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The uninitialized memory wasn’t the only source of randomness: OpenSSL also gets randomness from sources like mouse movements, keystroke timings, the arrival of packets at the network interface, and even microvariations in the speed of the computer’s hard disk. But when the programmers saw the errors generated by Valgrind, they commented out the offending lines–and removed all the sources of randomness used to generate keys except for one, an integer called the process ID that can range from 0 to 32,767.

“Never fix a bug you don’t understand!” raved OpenSSL developer Ben Laurie on his blog after the full extent of the error became known. Laurie blames the Debian developers for trying to fix the “bug” in the version of OpenSSL distributed with the Debian and Ubuntu operating systems, rather than sending the fix to the OpenSSL developers. “Had Debian done this in this case,” he wrote, “we (the OpenSSL Team) would have fallen about laughing, and once we had got our breath back, told them what a terrible idea this was. But no, it seems that every vendor wants to ‘add value’ by getting in between the user of the software and its author.”

Perhaps more disconcerting, though, is what this story tells us about the security of open-source software–and perhaps about the security of software in general. One developer (who I’ve been asked not to single out) noticed a problem, proposed a fix, and got the fix approved by a small number of people who didn’t really understand the implications of what was being suggested. The result: communications that should have been cryptographically protected between millions of computer systems all over the world weren’t really protected at all. Two years ago, Steve Gibson, a highly respected security consultant, alleged that a significant bug found in some Microsoft software had more in common with a programmer trying to create an intentional “back door” than with yet another Microsoft coding error.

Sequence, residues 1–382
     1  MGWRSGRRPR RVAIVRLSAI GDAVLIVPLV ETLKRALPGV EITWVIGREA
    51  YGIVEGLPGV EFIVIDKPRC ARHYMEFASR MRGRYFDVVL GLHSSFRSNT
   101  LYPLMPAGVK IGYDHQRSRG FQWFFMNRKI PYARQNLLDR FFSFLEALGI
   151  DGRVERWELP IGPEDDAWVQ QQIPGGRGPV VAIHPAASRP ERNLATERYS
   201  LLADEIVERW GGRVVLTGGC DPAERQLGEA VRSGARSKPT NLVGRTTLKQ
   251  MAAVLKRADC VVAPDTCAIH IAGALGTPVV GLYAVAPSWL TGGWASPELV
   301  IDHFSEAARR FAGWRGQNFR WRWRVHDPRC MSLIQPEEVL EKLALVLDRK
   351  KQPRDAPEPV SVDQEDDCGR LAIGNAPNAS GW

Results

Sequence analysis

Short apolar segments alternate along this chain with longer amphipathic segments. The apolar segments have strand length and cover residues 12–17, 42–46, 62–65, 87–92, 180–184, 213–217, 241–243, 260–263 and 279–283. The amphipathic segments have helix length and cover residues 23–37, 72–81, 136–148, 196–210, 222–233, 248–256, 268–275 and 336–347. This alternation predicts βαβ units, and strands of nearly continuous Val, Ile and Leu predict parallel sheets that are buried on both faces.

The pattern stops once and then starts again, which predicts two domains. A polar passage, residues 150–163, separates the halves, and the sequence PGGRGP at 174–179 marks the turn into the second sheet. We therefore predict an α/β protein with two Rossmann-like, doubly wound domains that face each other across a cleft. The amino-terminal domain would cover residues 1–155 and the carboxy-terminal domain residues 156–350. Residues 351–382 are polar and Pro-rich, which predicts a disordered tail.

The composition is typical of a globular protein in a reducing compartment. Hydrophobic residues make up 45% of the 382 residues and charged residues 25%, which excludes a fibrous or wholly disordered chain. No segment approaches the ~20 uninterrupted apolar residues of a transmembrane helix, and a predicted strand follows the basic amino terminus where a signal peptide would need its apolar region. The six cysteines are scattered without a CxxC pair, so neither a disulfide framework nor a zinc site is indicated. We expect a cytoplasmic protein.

The Debian OpenSSL randomness error was almost certainly an innocent mistake. But what if a country like China or Russia wanted to intentionally introduce secret vulnerabilities into our open-source software? Well concealed, such vulnerabilities might lay hidden for years.

One thing is for sure: we should expect to discover more of these vulnerabilities as time goes on.

Simson Garfinkel is an associate professor at the naval postgraduate school in Monterey, CA, and a fellow at the Center for Research and Computation and Society at Harvard University.

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Credit: Technology Review

Tagged: Computing, security, open source

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